Anchor point too far back
The position where you hold the string also means a lot. To avoid this, the position should be kept constant, either midway along your jaw or at the front of your chin.
Unusual head position
The neck and the head should be maintained in a relaxed position. Make sure that you are not straining backward if you want your head to remain in a central position on your body.
Long release aid
Take this factor into consideration when selecting a bow because the way you release an arrow will also affect the draw length.
Other Factors To Take Into Consideration
Poor posture will also give the wrong impression of a drawing length. You should avoid standing tall or slouching when determining your draw length. Ensure that you stand upright at all times.
Your wrist should always be maintained relaxed and supple position. If the wrist is arched, it can negatively impact your draw length.
- Engaging your back muscles will also ensure that you get accurate results. If you move your shoulder towards the spine, you will be increasing the draw length consistency which is not a good if your aim is to get a perfect hunting bow.
How To Measure Your Draw Length
Now that you are aware of what you need to do and avoid, it is time to get deeper into what brought you into this page. I understand that you want to know how to measure draw length and that’s where we are currently.
- Like I noted above, it isn’t rocket science. Even beginners will easily go through this process and come with accurate results.
If you are looking to learn how to measure draw length, you must be aware the different types of arrows come with different draw lengths. For instance, the Bear Encounter will have a draw length of 32” while the Bear Apprentice 2 will only stretch to a maximum of 27”. Therefore, determining your draw length before visiting an archery shop remains to be crucial.
We are going to focus on the Arm span method. This method has been put to the test by several people and for several decades and it has been proved that it works. You don’t have to buy expensive equipment to get accurate results.
Measuring Your Draw Length at Home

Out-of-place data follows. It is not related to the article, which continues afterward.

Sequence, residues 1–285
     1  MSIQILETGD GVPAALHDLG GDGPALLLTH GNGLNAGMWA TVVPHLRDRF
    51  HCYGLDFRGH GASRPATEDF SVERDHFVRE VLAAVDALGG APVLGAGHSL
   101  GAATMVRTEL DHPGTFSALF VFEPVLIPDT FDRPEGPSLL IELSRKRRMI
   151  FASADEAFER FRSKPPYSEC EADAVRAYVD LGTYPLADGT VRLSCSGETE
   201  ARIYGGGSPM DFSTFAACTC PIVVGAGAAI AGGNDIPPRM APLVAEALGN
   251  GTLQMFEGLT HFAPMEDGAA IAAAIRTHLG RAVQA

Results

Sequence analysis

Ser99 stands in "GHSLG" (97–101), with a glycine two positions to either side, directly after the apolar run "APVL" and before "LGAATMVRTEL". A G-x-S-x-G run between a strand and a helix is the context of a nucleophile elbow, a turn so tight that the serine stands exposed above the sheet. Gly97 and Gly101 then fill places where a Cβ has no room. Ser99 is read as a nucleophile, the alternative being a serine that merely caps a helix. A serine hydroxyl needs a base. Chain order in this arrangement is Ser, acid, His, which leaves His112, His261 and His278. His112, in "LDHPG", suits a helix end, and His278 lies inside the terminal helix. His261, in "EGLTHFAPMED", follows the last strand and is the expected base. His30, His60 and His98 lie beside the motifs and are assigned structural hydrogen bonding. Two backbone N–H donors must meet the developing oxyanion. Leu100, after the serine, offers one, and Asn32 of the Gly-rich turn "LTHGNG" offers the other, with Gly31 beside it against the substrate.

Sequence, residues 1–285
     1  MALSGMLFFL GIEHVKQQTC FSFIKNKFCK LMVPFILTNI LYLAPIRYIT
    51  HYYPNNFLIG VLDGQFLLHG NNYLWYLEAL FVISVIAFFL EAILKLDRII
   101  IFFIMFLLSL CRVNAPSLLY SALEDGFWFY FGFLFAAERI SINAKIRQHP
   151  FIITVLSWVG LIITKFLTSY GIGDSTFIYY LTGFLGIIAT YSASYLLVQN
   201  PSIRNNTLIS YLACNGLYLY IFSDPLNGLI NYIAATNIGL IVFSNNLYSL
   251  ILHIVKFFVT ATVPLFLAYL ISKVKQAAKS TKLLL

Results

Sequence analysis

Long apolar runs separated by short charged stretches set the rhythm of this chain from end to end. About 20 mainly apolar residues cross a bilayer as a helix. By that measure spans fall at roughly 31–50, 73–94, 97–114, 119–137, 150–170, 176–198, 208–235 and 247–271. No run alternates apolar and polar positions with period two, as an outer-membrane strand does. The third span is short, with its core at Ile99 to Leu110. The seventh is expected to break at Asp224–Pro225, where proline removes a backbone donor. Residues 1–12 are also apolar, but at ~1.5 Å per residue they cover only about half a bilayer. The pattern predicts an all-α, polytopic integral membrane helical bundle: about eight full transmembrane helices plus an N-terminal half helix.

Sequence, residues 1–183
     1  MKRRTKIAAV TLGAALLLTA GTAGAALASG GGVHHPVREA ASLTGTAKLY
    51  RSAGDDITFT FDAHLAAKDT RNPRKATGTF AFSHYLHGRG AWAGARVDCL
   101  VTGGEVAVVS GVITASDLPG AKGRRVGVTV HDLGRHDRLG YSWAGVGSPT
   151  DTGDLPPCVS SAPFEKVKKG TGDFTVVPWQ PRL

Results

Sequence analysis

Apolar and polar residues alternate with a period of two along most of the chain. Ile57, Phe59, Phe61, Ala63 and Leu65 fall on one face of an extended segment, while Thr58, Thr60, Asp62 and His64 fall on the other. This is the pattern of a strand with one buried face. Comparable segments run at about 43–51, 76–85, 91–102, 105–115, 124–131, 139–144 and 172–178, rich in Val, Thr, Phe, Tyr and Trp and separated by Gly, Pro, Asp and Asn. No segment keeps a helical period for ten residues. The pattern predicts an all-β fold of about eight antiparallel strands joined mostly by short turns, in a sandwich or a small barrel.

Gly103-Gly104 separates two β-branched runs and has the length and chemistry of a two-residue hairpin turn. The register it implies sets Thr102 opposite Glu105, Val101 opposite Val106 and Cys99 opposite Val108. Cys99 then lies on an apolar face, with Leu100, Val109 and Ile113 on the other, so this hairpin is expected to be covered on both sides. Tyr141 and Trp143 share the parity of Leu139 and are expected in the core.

All you will need to accomplish this is a tape measure and the help from a friend. Your friend doesn’t have to be a professional hunter. Even beginners will be okay for this step. Here is what you need to do.
Double-Check Your Measurements
Scientific study has established that the length of stretched arms is equal to that of the body. To ensure that you have accurate results, measure the height of your body in inches. For the sake of accuracy, the measurements should be equal or very close indicating that you took the measurements the right way.
You might find a small difference, but that should not worry you. As long as the measurements are close to each other, you can rest assured that you did it the right way.
Stay On The Conservative Side
Stay safe! It is better to have a bow with a shorter draw length than one with a longer. Therefore, if you are doing calculations and you get 29” and 29.5” round it down to 28”. After getting the final measurement, give it an allowance of one or two inches.
- So, if you find your draw length is 29” you should buy a bow with a maximum draw length of 30” or 31”. This provides a buffer zone in case you went wrong with the measurements.
If still not sure that you accurate results, you can take the measurement a third and a fourth time until you are satisfied that you have accurate results. Ensure that the measuring tape you are using to take the measurements is not that old. Older tapes can be overstretched which will give make your draw length bigger with half or a full inch.
Is There A "Proper" Draw Length?
Well, this is a hard question to answer. If you ask 20 experienced hunters this question, you will most probably get 20 different answers.
Why is this?
- Every person has their best draw length. If you shoot best from a certain draw length, another hunter will be shooting from a different one.
No matter what the pamphlets and books say, the perfect draw is fully dependent on you. Even if you are new in hunting, you will also soon get your best draw length after gaining some experience. My role is just to help you estimate a starting point from which you are to perfect as the conditions demand.
Measuring Draw Length – Summary
Like I assured you when you started reading this post, the process is not hard at all. That’s the reason I was stressing that you need to do it yourself with the help of a friend. Even if a professional bow hunter or archer is not around, you can still make accurate measurements.
Once you have determined your draw length, getting a good bow should not be a challenge. Having a good bow is the key to making good and efficient kills. No hunter wants to get into the woods and come out with nothing.
I hope that this article has taught you what you wanted to know. Keep on visiting our blog for more information on hunting from professional hunters. Until next time, it is goodbye from me. I wish you happy and fun hunting expeditions.